AMIS 521 - Winter 2009 Zhang, Altamuro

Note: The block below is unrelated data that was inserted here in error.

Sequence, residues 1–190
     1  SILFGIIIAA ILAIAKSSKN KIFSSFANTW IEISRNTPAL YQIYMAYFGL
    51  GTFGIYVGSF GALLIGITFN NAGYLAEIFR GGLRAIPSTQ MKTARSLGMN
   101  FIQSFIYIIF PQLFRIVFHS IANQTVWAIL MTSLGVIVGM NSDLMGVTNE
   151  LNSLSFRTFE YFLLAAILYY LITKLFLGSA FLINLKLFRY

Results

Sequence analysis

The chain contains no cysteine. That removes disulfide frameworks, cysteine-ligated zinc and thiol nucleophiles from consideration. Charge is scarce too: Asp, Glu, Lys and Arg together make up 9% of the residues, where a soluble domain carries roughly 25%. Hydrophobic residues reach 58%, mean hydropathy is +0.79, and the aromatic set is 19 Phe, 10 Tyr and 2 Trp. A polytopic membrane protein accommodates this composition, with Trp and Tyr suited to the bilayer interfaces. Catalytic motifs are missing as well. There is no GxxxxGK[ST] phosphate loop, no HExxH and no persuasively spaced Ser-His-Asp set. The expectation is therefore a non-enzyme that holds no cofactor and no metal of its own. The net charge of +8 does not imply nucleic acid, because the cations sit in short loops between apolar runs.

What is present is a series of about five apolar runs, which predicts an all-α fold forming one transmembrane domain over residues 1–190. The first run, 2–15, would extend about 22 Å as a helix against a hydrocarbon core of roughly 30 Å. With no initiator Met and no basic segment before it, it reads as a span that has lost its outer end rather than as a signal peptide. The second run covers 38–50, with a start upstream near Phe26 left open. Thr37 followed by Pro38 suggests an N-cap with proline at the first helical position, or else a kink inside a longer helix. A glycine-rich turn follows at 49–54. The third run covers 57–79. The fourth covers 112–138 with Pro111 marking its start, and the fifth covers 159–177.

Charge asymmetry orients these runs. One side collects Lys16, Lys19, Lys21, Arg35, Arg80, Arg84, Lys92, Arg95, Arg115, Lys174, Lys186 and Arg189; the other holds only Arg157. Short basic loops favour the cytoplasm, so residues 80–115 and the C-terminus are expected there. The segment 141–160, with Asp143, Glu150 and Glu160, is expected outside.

AMIS 521 - Winter 2009 Zhang, Altamuro - W I I